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George Ticknor, Life, letters and journals of George Ticknor (ed. George Hillard) 1 1 Browse Search
Laura E. Richards, Maud Howe, Florence Howe Hall, Julia Ward Howe, 1819-1910, in two volumes, with portraits and other illustrations: volume 1 1 1 Browse Search
Thomas Wentworth Higginson, Massachusetts in the Army and Navy during the war of 1861-1865, vol. 1: prelminary narrative 1 1 Browse Search
Edward L. Pierce, Memoir and letters of Charles Sumner: volume 3 1 1 Browse Search
Edward L. Pierce, Memoir and letters of Charles Sumner: volume 2 1 1 Browse Search
Edward L. Pierce, Memoir and letters of Charles Sumner: volume 1 1 1 Browse Search
James Parton, Horace Greeley, T. W. Higginson, J. S. C. Abbott, E. M. Hoppin, William Winter, Theodore Tilton, Fanny Fern, Grace Greenwood, Mrs. E. C. Stanton, Women of the age; being natives of the lives and deeds of the most prominent women of the present gentlemen 1 1 Browse Search
Lydia Maria Child, Letters of Lydia Maria Child (ed. John Greenleaf Whittier, Wendell Phillips, Harriet Winslow Sewall) 1 1 Browse Search
George H. Gordon, From Brook Farm to Cedar Mountain 1 1 Browse Search
William W. Bennett, A narrative of the great revival which prevailed in the Southern armies during the late Civil War 1 1 Browse Search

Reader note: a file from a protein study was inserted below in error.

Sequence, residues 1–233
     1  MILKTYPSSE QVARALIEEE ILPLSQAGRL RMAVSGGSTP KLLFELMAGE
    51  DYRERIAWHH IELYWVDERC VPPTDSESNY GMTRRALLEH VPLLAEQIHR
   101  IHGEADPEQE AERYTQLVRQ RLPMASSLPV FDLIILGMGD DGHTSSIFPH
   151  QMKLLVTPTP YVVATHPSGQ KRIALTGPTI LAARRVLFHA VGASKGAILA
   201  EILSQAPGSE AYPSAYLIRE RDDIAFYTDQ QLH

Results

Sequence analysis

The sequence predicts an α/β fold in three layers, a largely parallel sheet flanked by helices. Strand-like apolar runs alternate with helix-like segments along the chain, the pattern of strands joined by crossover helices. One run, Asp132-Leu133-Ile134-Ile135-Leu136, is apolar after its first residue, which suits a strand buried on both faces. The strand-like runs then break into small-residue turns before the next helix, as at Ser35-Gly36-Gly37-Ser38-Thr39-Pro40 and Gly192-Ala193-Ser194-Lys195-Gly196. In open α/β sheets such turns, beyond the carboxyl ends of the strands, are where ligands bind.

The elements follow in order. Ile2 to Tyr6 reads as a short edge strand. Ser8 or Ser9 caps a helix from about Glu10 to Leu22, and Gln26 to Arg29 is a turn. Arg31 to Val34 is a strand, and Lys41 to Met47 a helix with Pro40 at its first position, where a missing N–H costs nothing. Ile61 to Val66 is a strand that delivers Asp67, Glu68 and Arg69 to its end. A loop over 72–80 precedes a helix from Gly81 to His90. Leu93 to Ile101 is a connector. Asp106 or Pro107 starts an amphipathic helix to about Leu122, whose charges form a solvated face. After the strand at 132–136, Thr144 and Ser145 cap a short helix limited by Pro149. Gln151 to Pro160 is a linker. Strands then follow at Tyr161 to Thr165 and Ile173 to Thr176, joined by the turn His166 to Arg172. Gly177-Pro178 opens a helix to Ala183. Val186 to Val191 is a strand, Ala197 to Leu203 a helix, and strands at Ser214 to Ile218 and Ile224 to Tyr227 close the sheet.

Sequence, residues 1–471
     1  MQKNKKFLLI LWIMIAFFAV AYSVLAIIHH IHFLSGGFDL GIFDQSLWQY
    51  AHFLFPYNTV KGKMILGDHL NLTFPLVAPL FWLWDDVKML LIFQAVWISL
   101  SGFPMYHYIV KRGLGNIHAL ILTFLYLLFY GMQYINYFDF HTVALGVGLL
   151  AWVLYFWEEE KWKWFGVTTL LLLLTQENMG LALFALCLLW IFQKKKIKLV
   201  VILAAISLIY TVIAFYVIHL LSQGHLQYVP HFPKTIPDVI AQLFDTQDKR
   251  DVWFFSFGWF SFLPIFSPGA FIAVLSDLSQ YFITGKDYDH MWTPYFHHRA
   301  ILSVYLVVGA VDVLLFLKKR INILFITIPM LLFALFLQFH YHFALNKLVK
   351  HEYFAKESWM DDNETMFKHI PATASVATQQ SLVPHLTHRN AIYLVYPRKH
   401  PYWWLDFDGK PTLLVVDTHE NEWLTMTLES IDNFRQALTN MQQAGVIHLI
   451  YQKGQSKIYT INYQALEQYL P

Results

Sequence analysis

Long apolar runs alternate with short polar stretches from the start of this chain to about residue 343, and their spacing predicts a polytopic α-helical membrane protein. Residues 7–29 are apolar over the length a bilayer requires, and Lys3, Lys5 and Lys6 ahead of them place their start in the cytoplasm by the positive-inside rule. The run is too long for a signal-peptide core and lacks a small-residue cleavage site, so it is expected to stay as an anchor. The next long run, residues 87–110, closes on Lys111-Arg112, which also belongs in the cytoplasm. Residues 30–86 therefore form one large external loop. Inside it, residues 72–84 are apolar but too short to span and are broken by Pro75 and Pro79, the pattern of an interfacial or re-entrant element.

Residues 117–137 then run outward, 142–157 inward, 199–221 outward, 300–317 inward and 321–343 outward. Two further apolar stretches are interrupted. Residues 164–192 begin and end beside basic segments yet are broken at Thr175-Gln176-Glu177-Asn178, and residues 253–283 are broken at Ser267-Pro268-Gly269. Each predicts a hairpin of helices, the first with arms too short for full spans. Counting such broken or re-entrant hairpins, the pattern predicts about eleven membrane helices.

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William Schouler, A history of Massachusetts in the Civil War: Volume 2, Chapter 14: Suffolk County. (search)
Dana, and Messrs. Warren, McLean, Darrow, Park, and Braman of the council, were appointed a committee to have charge of all matters relating to recruiting for the land and naval forces of the United States during the current year, the payment of bounties, and the revision of the enrollment lists in the several wards under the supervision of his honor the mayor. A joint committee was also appointed to provide suitably for returning regiments passing through Boston, the same as last year. January 16th, Mayor Lincoln communicated in an eloquent message to the city council the death of the Hon. Edward Everett, and resolutions of respect and condolence were unanimously adopted. April 17th, The mayor communicated in a written message to the aldermen the assassination of President Lincoln, and the attempt to take the life of Secretary Seward. A series of appropriate resolutions were read and adopted, after which on motion of Alderman Dana the board adjourned. The foregoing is a brief b
Waitt, Ernest Linden, History of the Nineteenth regiment, Massachusetts volunteer infantry , 1861-1865, Roster of the Nineteenth regiment Massachusetts Volunteers (search)
Sept. 14, ‘63. Anderson, Chas., priv., (B), Jan. 16, ‘65; 28; M. O. June 30, ‘65. Anderson, Johnck on M. O. of Co. Brown, George, priv., (B), Jan. 16, ‘65; 33; deserted June 18, ‘65. Brown, Geo. M. O. June 30, ‘65. Daley, Wm., priv., (B), Jan. 16, ‘65; 24; M. O. June 30, ‘65. Danne, Redfordl, priv., (F), Aug. 6, ‘61; 34; disch. disa. Jan. 16, ‘63. Graham, Edmund, priv., (—),July 31, ‘61, ‘65; N. F.R. Green, Daniel J., priv., (B), Jan. 16, ‘65; 28; M. O. June 30, ‘65. Green, Frankliatrick, priv., (E), July 25, ‘61; 19; disch. Jan. 16, ‘62 as corp. to enlist in 5th U. S. Art'y., c. 13, ‘61 as Corp. Lutz, George, priv., (H), Jan. 16, ‘65; 23; deserted Apr. 9, ‘65. Lyford, John61; 21; N. F.R. Maloney, William, priv., (C), Jan. 16, ‘65; 23; M. O. June 30, ‘65. Mann, John, pr, Jan 14, ‘63. O'Connor, Robert, priv., (—), Jan. 16. ‘65; disch. May 6, ‘65; unassigned. O'Conn, (G), May 13, ‘64; 23; sub. J. H. Hunt; died Jan. 16